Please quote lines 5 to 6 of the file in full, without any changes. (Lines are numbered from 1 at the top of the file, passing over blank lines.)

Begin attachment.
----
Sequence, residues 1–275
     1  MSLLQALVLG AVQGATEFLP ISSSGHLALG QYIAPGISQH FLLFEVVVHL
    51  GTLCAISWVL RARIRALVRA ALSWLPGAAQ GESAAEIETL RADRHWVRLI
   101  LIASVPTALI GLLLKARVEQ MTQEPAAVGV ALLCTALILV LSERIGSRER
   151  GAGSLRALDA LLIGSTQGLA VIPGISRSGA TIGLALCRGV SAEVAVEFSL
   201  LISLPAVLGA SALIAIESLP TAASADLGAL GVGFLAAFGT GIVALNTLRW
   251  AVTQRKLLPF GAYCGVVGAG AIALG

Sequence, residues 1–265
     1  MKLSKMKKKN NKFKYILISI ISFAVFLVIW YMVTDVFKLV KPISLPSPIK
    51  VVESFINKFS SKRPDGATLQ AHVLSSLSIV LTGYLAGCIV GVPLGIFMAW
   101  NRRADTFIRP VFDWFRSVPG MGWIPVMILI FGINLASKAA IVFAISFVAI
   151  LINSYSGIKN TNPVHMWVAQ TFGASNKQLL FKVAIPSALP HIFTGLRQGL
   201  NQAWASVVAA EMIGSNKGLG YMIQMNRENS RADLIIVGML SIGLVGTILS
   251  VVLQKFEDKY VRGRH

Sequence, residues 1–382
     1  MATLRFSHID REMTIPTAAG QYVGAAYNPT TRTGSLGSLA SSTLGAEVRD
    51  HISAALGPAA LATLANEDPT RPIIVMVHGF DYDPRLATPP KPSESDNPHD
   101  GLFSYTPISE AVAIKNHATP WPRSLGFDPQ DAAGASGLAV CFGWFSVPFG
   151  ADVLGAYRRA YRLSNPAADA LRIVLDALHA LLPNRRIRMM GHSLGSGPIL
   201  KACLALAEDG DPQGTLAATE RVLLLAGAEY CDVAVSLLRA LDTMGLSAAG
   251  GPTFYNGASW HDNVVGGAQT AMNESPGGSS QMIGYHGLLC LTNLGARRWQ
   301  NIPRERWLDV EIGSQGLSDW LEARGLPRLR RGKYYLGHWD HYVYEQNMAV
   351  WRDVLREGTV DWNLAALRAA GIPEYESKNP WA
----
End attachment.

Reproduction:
   151  GAGSLRALDA LLIGSTQGLA VIPGISRSGA TIGLALCRGV SAEVAVEFSL
   201  LISLPAVLGA SALIAIESLP TAASADLGAL GVGFLAAFGT GIVALNTLRW